THE scientist who gave his name to the Higgs boson particle has been granted another honour for his ground-breaking work.
Professor Peter Higgs was given the Edinburgh Medal at a ceremony in the Scottish capital yesterday to recognise his contributions to the fields of science and technology.
The professor hit upon the concept of a “God particle” during a walk in the Cairngorms in 1964, when he started to consider the existence of a particle that gives matter its mass.
He wrote two scientific papers on his theory which were published in the Physical Review Letters journal, sparking a 40-year hunt for the particle that became known as the Higgs boson.
Last July, a team from the European nuclear research facility (Cern) in Geneva, Switzerland announced the detection of a particle that fitted the description of the elusive Higgs boson.
Scientists used the world’s biggest atom-smashing machine, the £2.6 billion large hadron collider on the Swiss-French border, to confirm Prof Higgs’s theory.
The Edinburgh Medal was given jointly to Prof Higgs and Cern at a ceremony at Edinburgh’s Signet Library yesterday evening.
The professor, who has retired from Edinburgh University, was made a Companion of Honour in the New Year Honours list, and the Higgs Prize was set up by the Scottish Government to recognise school pupils who excel in physics.
Prof Higgs said: “The first medal, in 1989, was awarded to Abdus Salam, in whose group I was a research fellow 55 years ago and whose Nobel-winning theory a decade later made use of the ideas which had been proposed in 1964 independently by groups in Brussels and London and by myself in Edinburgh.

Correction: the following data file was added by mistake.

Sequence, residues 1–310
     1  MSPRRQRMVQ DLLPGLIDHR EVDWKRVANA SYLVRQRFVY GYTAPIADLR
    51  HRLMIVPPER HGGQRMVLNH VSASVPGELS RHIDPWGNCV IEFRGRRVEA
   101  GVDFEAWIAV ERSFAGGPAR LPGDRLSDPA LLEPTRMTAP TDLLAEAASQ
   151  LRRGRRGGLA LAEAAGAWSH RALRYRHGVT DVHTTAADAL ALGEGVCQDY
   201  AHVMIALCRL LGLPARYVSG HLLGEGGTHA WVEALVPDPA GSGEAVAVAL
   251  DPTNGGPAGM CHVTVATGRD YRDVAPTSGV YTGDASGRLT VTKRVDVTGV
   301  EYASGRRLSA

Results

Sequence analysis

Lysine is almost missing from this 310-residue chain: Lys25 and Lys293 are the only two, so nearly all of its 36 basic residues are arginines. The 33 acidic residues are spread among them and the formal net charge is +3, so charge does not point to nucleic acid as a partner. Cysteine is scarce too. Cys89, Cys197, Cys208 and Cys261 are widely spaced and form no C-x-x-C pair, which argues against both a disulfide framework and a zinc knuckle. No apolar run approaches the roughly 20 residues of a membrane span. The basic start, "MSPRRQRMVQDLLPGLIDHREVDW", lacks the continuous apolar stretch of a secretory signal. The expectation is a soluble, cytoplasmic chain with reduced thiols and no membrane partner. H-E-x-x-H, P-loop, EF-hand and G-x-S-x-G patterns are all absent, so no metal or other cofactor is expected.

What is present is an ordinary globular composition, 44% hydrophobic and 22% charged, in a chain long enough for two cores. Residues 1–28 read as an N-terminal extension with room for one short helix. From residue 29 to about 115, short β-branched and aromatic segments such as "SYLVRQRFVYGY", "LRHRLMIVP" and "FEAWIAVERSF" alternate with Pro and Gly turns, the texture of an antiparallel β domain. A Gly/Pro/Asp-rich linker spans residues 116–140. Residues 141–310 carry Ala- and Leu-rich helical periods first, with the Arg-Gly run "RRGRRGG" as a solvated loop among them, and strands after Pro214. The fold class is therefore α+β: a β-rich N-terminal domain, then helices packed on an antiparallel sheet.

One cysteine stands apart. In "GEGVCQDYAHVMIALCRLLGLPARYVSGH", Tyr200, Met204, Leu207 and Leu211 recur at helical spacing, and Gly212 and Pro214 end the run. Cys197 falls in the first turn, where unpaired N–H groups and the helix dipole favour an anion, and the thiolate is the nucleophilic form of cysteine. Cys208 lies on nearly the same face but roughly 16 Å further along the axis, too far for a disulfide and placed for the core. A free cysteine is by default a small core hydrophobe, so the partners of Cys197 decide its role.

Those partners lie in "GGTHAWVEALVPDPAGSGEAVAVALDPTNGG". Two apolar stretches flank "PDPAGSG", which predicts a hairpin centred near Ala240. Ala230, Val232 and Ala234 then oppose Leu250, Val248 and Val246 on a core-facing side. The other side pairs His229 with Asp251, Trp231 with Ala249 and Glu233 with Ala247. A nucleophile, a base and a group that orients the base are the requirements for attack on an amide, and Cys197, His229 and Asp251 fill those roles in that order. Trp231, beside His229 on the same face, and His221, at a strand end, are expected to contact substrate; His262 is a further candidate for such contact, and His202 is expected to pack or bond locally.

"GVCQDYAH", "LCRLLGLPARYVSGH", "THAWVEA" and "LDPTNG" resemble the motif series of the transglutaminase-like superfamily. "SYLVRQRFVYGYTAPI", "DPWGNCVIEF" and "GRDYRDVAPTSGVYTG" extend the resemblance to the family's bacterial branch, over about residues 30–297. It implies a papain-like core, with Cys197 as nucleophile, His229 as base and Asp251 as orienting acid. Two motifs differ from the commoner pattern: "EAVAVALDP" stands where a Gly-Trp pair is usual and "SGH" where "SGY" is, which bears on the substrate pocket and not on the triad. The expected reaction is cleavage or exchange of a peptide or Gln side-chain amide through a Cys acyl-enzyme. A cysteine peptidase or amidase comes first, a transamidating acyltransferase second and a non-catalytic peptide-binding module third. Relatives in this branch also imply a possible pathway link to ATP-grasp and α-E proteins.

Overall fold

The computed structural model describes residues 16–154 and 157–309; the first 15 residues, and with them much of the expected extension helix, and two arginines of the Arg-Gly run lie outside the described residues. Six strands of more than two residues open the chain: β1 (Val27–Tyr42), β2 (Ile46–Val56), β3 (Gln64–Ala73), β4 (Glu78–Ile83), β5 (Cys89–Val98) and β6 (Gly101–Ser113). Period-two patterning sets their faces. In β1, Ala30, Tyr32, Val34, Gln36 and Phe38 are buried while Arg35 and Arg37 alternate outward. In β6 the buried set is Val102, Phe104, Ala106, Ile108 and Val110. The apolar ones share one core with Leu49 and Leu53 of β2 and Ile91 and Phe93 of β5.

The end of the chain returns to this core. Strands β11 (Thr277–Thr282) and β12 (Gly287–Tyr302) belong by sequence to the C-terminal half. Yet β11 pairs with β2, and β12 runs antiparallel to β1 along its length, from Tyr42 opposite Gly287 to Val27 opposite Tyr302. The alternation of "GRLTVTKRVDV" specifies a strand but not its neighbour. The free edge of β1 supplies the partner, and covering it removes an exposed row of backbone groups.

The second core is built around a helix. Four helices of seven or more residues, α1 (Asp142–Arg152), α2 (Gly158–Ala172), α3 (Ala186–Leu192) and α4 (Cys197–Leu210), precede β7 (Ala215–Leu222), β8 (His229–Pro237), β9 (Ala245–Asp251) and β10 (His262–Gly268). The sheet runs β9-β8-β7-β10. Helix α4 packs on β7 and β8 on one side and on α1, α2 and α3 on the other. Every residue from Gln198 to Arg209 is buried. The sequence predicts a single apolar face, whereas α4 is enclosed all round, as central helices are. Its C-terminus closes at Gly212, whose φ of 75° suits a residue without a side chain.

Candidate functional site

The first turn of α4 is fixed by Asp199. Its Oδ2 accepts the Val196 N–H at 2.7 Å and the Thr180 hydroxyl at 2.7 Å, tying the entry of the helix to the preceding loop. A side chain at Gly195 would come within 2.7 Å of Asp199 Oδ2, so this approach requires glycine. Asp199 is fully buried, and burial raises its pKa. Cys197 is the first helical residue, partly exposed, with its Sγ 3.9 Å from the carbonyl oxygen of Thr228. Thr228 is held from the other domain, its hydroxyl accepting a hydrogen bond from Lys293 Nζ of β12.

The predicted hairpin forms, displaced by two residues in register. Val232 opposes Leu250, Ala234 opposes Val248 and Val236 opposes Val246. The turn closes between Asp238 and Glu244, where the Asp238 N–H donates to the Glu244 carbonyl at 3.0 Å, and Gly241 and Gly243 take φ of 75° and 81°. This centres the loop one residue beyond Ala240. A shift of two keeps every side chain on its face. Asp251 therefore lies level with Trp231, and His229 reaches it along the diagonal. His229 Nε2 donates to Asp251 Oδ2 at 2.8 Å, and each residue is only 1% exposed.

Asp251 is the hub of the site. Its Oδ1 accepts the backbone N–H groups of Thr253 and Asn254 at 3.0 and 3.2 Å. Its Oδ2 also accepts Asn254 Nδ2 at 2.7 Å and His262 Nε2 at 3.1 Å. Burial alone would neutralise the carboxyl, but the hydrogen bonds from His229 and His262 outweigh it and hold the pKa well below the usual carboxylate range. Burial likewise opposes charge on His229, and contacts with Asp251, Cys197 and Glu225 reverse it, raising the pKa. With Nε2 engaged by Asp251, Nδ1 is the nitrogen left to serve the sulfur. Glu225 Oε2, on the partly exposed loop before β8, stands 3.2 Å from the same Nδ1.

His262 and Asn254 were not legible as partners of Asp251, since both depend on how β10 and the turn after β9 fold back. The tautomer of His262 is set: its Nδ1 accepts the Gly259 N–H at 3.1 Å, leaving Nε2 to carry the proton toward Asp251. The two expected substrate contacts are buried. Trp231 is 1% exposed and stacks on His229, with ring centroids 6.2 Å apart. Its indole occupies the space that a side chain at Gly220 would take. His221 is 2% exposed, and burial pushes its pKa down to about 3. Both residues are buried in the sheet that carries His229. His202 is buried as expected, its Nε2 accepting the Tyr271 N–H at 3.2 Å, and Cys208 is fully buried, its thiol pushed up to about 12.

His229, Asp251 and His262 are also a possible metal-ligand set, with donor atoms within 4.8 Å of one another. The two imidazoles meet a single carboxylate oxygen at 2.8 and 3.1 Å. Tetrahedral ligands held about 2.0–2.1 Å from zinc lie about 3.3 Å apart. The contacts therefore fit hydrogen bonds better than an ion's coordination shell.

“Thus the fields of research for which the medal has been awarded have come full circle.”
The Edinburgh Medal is given each year to those judged to have contributed to the understanding of science and technology. Previous recipients have included three Nobel Prize winners.
Professor Rolf-Dieter Heuer, director general of Cern, collected the medal on behalf of the institution.
He said: “Postulating the boson back in the 1960s was an intellectual tour de force. Finding it has been a real community effort involving literally thousands of people from around the world working together for many years. The discovery is of vital importance to science, and is a major step in understanding the universe we live in.”
Dr Simon Gage, director of the Edinburgh International Science Festival, said: “The 25th anniversary of both the Edinburgh Medal and the Edinburgh International Science Festival seemed a fitting year to celebrate the importance of scientific collaboration.
“The endeavours of scientists are commonly focused on global if not universal phenomena. Collaboration is the natural way to progress quickly, and when it comes to such momentous efforts as those undertaken by Cern, it is the only way.”
In 2011, Prof Higgs was given the Edinburgh Award at the City Chambers, an accolade which recognises an outstanding contribution to the city.
The scientist, who was born in Newcastle-upon-Tyne, follows writers Ian Rankin and JK Rowling, cyclist Sir Chris Hoy and judoka George Kerr to the Edinburgh Award.
A sculpture of Prof Higgs’s handprints was also unveiled in the City Chambers quadrangle. They were engraved in Caithness stone alongside those of the earlier award recipients.